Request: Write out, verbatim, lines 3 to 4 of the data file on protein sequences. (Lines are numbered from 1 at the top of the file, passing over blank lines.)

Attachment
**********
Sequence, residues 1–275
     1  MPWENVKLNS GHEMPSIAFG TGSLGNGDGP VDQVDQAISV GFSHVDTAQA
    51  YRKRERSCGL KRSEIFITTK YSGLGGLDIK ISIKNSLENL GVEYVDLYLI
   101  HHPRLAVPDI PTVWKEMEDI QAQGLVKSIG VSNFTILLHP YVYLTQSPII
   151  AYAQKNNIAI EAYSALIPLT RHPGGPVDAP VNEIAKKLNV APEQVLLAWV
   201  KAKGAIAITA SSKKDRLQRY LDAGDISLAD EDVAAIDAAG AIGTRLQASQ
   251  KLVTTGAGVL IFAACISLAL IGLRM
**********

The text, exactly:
    51  YRKRERSCGL KRSEIFITTK YSGLGGLDIK ISIKNSLENL GVEYVDLYLI
   101  HHPRLAVPDI PTVWKEMEDI QAQGLVKSIG VSNFTILLHP YVYLTQSPII